Google Consumer Attitudes Survey

Infographic: 7 Revealing Insights into how Consumers feel about Search

Need to persuade your boss or your clients why they should be investing in organic search? This infographic shows the results of a survey conducted with 1,000 online consumers in the UK and the US about their understanding and attitudes towards Google’s organic search results and advertising.

 

Google Consumer Attitudes Survey

 

 

 

For me, there are three big takeaways from this study:

1) The public neither like nor trust the ads in Google’s search results.

It strikes me that Google have something of a dilemma when it comes to the ads in their search results. On the one hand, search advertising is Google’s big cash cow, responsible for the largest proportion of the company’s revenue. On the other hand, the public have a strong preference for the organic results and consider Google ads to be largely either irrelevant or untrustworthy, even when performing transactional or commercial search queries.

If Google decide to show more ads on the page or go even further towards disguising ads to look like organic results, they risk damaging their reputation of being able to deliver high-quality, relevant search results. Show fewer ads on the page and they risk losing millions in revenue. Their recent decision to completely remove the ads from the right hand side of the page has had little impact when so few people were clicking on them anyway.

If the public perceive the websites listed in the organic search results to be more trustworthy, more relevant and to have “earned” their position on the page – even before they have visited the actual website – it is clear to me that achieving a strong organic visibility should be a priority for most businesses and organisations.

 

2) The public really don’t like remarketing ads that follow them around the web.

With 79% of consumers expressing a dislike for this type of advertising and 73% stating that it makes them feel negatively towards the companies that use it, it is clear that advertisers may need to re-evaluate how they use remarketing.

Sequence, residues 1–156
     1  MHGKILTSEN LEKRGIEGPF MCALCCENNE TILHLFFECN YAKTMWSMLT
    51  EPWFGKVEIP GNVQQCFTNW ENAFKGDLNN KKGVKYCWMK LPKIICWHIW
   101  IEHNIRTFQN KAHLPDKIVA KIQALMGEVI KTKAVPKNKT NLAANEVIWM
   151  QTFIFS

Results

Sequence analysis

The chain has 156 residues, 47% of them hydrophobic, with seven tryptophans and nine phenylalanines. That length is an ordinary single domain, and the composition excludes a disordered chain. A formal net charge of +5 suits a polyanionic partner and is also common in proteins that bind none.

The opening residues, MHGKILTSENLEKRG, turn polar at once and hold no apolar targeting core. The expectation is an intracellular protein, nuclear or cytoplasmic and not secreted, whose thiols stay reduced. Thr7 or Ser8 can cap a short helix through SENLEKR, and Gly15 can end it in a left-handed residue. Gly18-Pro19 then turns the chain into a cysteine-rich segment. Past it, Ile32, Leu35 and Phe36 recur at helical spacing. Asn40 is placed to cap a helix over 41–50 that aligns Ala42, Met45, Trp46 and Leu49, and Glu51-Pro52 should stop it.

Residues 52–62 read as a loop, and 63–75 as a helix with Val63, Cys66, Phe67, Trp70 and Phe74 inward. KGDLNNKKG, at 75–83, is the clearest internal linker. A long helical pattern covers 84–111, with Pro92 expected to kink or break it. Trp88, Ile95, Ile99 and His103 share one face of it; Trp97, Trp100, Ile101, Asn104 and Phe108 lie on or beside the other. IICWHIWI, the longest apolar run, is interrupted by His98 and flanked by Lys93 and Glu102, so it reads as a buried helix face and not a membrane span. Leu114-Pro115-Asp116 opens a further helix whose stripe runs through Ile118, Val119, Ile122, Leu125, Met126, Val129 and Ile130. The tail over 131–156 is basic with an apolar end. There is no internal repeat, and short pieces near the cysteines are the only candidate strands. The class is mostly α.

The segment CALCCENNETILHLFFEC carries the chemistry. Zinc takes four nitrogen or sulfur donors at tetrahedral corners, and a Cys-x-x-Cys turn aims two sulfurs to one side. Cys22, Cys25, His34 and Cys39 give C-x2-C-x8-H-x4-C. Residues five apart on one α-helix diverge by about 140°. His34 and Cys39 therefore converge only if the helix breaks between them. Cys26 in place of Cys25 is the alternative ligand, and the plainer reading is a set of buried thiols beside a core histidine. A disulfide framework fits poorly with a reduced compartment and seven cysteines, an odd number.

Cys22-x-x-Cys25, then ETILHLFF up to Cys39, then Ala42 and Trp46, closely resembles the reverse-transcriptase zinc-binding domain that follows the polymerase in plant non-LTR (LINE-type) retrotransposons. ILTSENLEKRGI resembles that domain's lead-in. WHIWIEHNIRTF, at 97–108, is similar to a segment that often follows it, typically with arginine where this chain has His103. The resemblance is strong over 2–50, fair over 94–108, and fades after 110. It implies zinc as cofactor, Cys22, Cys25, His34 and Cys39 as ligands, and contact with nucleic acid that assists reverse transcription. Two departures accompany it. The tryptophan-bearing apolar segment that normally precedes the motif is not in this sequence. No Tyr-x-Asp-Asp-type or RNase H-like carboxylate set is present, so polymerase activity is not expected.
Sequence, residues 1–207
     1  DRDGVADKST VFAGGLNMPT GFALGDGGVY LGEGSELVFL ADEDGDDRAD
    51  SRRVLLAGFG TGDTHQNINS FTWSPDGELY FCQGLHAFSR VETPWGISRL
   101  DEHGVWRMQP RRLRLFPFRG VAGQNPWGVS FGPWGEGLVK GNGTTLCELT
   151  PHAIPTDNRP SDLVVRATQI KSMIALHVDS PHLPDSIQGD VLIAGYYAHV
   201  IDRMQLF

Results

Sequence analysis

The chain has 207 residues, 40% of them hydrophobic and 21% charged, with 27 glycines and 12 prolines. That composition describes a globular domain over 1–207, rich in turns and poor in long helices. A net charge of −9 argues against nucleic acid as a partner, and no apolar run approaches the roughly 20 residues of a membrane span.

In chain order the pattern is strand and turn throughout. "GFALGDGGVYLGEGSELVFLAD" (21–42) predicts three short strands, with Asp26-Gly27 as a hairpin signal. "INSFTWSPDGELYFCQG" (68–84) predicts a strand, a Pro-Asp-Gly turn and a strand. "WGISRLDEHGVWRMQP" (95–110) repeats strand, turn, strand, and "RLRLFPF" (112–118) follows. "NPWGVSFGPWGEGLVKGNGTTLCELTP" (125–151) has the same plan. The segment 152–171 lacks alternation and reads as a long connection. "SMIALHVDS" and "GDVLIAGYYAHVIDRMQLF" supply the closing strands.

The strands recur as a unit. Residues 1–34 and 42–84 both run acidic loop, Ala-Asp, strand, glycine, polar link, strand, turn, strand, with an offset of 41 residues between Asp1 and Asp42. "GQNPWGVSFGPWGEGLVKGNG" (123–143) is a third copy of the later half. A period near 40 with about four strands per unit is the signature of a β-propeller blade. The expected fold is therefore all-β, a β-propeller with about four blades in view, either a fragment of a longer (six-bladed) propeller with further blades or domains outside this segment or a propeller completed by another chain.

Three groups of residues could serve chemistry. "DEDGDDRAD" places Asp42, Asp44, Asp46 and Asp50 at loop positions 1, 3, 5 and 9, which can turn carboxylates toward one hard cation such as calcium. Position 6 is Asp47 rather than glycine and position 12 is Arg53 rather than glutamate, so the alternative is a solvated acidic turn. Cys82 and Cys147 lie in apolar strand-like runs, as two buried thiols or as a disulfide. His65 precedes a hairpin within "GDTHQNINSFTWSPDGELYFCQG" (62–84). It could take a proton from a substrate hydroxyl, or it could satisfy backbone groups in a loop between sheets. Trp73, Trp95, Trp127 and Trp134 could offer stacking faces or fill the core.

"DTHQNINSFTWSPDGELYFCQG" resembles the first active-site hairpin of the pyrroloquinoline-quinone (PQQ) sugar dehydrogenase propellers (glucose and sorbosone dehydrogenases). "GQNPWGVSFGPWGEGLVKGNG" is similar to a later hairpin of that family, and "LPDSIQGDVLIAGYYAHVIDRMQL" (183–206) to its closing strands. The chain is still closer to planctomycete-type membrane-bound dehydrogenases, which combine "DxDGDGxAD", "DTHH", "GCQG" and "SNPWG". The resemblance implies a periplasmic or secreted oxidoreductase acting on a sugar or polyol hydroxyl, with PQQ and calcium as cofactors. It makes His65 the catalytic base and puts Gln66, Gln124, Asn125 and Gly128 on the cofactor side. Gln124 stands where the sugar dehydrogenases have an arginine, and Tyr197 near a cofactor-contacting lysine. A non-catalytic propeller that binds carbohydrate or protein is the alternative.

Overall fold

While our Adwords stats may lead us to believe that remarketing is delivering a positive return on investment when measured simply in terms of cost versus revenue generated, this may not be telling the whole story. If an even larger number of people consider our ads to be intrusive or “creepy” they could in fact be doing more damage to our brand perception than any benefit derived from the sales they generate. The solution is not to necessarily stop using re-marketing altogether, but perhaps to use it in a way that doesn’t leave visitors feeling that we are spying on their every move.

 

3) The public have little understanding of what makes a site rank on Google.

I ran a similar survey to this one back in 2014 and it is clear that the public still lack any real understanding of what makes one website rank above another in the organic results.  Almost half believe that it is due to the amount of traffic the site receives while also convinced that organic results are influenced by money the businesses pay to Google. Google’s reluctance to be transparent about how sites are ranked seems to confuse their users as much as it confuses the businesses trying to improve their visibility in the organic results.

 

Contributors
Special thanks to the following smart and generous people who helped with the preparation and design of this study:

 

Author: Danny Richman

Danny Richman is a digital marketing consultant with over 15 years’ experience of providing  private SEO Training and marketing support to businesses seeking to improve their digital marketing and search engine visibility. Clients include Bank of England, BBC, John Lewis and Marks & Spencer.







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